CBT: Staying with the same theme. Literary novels were once publishing in hardcover and then, several months later (and a spot on the best-seller lists willing), they were available as affordable pocket-sized paperbacks. However, in the 1980s this practice ceased and literary paperbacks started being published in
FW: If you charge more for less of a product consumers will catch on (see newspapers). If you want to put out trade paperbacks, then skip the hardback. In the long run the hardback is going to be the keeper. What I mean is, people are going to want the books they treasure in hardback. But find out what books they treasure, books in general are going to have to be more affordable. Publishers have got it backwards. They want you to work your way down from a luxury item. Most people would rather work their way up to one.
CBT: Agents now have enormous power, effectively controlling which writers get access to acquisition editors at major houses. Furthermore, agents find themselves under enormous pressure, acting as the line of first readers who have to sift through avalanches of submissions. Is this tenable over the long run? Is it good for art? Or should large houses be accepting both agented and unsolicited submissions?
FW: Obviously, someone with an eye for quality that is also likely to sell is worth his weight in gold. What I see is a lot of agents peddling an imitation of the most recent success. Publishing has fallen victim to the same thing the art world has. If you go to the Phillips Collection in
CBT: Literary prizes have also grown in power. They have arguably replaced the glowing review as a marketing tool. But are they as effective as criticism in building a contemporary canon? After all, critics can express nuance, prizes can't. Do book prizes give the message: this book is worth reading and all these others aren't?
FW: Prizes are nice for the person who wins one. But have you read any Henrik Pontoppidan lately? Pontoppidan shares the 1917 Nobel Prize for literature with the ever-popular Karl Gjellerup. On the other hand, Conrad Richter won the National Book Award in 1961 for The Waters of Cronos, which is a masterpiece. And not many people may know the work of Pär Lagerkvist, who won the Nobel in 1951, but he is great writer. My point? Prizes are hit and miss, and insofar as they influence taste the influence is probably nefarious.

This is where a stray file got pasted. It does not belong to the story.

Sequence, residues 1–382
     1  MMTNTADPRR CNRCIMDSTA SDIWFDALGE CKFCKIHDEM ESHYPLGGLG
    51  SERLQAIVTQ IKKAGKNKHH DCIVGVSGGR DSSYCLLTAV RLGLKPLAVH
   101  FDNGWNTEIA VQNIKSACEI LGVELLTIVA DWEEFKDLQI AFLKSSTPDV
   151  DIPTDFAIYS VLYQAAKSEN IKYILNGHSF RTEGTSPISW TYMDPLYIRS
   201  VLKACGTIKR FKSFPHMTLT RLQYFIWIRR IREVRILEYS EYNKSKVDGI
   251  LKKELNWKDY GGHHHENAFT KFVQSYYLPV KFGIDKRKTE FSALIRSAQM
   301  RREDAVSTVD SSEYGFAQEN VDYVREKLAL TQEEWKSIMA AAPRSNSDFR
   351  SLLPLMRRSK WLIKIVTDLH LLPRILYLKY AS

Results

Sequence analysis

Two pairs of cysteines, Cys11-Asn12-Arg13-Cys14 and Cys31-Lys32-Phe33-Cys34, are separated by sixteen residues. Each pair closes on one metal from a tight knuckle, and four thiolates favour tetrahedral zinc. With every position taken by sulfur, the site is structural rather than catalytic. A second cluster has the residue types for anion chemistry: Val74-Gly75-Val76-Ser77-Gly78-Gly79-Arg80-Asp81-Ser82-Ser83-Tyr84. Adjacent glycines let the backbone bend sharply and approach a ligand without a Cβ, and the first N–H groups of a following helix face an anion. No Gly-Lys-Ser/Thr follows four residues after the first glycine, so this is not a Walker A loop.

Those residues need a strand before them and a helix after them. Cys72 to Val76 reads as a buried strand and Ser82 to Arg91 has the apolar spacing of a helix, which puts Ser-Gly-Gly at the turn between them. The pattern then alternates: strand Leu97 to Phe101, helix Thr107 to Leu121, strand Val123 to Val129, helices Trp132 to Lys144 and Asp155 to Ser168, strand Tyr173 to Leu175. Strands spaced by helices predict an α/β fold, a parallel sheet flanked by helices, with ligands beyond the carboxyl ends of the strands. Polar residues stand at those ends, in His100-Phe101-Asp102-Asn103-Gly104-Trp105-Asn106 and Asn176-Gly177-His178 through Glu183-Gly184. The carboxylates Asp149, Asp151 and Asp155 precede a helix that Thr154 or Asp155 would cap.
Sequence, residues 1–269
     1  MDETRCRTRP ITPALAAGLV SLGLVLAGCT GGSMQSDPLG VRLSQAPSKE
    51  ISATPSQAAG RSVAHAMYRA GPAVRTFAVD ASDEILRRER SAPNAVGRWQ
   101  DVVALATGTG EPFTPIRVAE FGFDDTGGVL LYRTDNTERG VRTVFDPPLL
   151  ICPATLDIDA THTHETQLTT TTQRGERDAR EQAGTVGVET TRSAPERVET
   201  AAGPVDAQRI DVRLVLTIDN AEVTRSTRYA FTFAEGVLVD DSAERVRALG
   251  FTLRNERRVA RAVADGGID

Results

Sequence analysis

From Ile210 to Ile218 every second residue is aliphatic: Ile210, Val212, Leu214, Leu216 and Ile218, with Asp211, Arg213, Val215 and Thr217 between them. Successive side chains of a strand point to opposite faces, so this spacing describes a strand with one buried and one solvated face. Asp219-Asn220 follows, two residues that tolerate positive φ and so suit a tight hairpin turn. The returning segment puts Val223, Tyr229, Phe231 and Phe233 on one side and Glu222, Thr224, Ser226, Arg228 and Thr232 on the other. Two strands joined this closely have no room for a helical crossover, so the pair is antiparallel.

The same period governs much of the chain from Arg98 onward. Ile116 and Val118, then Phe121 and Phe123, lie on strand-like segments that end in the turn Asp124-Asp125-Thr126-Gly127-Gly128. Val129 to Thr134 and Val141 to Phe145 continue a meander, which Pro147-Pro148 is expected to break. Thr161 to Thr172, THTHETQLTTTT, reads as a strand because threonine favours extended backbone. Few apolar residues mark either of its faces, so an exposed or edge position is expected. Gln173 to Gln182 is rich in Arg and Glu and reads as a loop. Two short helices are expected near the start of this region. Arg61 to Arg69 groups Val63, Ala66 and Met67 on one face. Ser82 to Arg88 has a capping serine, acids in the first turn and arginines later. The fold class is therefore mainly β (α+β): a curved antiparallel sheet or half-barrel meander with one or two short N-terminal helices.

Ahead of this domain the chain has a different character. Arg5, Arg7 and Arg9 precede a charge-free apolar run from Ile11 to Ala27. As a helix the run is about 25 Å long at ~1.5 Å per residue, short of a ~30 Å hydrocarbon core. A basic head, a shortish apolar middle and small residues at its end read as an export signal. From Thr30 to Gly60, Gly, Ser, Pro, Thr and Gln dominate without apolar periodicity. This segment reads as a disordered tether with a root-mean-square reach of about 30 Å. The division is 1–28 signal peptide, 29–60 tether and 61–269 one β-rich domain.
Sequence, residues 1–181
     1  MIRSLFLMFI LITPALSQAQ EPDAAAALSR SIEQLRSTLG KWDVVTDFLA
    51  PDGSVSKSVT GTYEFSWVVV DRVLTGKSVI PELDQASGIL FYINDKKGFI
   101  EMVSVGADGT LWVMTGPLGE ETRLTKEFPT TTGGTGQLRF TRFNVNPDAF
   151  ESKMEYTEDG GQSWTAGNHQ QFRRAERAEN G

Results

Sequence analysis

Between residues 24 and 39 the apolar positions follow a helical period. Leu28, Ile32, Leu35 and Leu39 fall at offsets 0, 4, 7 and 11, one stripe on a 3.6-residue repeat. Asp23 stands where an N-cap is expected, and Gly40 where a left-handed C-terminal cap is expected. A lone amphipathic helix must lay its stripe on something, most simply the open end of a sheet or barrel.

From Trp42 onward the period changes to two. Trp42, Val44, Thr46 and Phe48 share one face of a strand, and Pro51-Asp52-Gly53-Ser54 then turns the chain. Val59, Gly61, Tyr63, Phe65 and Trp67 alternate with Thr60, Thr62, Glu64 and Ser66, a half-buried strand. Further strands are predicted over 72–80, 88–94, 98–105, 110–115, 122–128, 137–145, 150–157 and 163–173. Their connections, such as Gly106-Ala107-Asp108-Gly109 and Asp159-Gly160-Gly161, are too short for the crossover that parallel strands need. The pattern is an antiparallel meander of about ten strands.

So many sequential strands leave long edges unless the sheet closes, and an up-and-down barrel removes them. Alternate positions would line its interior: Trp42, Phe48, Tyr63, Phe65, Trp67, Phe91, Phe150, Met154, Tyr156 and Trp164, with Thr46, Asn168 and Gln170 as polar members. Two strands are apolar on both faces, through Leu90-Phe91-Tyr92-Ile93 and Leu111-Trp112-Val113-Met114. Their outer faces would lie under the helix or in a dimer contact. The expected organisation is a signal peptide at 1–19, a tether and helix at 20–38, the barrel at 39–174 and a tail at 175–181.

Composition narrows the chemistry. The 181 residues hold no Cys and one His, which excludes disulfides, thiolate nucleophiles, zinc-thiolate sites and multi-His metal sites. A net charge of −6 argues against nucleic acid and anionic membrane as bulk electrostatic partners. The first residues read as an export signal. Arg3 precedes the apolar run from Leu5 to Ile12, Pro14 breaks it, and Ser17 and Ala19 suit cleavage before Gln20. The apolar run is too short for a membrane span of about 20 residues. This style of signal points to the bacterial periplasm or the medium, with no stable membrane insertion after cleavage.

CBT: Thinking of your own site, what sorts of changes do you foresee in it? Are blogs destined to become the new magazines? Will you start using a format (and possibly working with partners) in a magazine-type way? Or is blogging as it's currently defined how you want to keep posting work on the Net?
FW: Regrettably, I’m an old guy who only knows as much technology as he needs to get by. I hope to partner eventually with someone younger and more tech savvy than I (who also has some business acumen). Then maybe I can turn the blog into something really estimable. In the meantime it is an object lesson in doing something for the love of it.
Assiduously following the course of least resistance has been the key to Frank Wilson’s success. Admirers have attributed this to his mastery of existential jujitsu, detractors to indolence and inertia.
Either way, it has served him well. Faced in college with a choice between his principal interests, medieval history and English lit, he realized immediately that the former would entail a mastery of Latin and other languages that could be had only by an effort he was disinclined to expend, while the latter required only an already demonstrated facility with his native tongue. English lit won hands down.
Through a process of elimination he went from being book critic of his college newspaper to arts and entertainment editor to editor. He had a well-paying job as an editor lined up even before graduation. Things were looking grand. But then, thinking life as a college professor might suit his laid-back approach to life, Wilson decided he should put in some time in graduate school. Unfortunately — or perhaps not — he realized that the tedium and toadiness of academe were not for him.
Thus began his years as a kind of 20th-century Goliard, delivering a lecture here, placing an article there, editing books for the likes of Philadelphia’s venerable J.B. Lippincott Co. and others, even landing a column in a local weekly. It was not to last. Publishers began cost-cutting and editing contracts dried up. The weekly went belly-up.
Happily, a friend got Wilson a job at the Philadelphia Inquirer. Less happily, it was at the ground floor, doing things like the racing charts. But the pay and benefits weren’t bad, and the work was hardly onerous, leaving Wilson time to review books, write poetry, and pursue his lifelong interest in world-class partying.
The partying took its toll, however, and he was forced to give that up. At last he seemed as staid as everyone else, so naturally he was promoted, first to the copy desk, where he won a first prize for headline writing from the Society of Professional Journalists, then to book editor. He had come full-circle, doing what he had done in college, but also what he had always wanted to do. Unfortunately, it proved to be an ongoing — and eventually losing — battle with space cuts, budget cuts, and managerial obtuseness. In February 2008 he retired, after eight years as book editor. Now he just blogs away at Books, Inq.: The Epilogue and writes — articles, reviews, poems. Oh, and he also has time now for that best of all activities: life itself.Wilson writes a weekly column for When Falls the Coliseum called That’s What He Said, published on Tuesdays, which features his riffing on quotations and following the train of thought wherever it leads.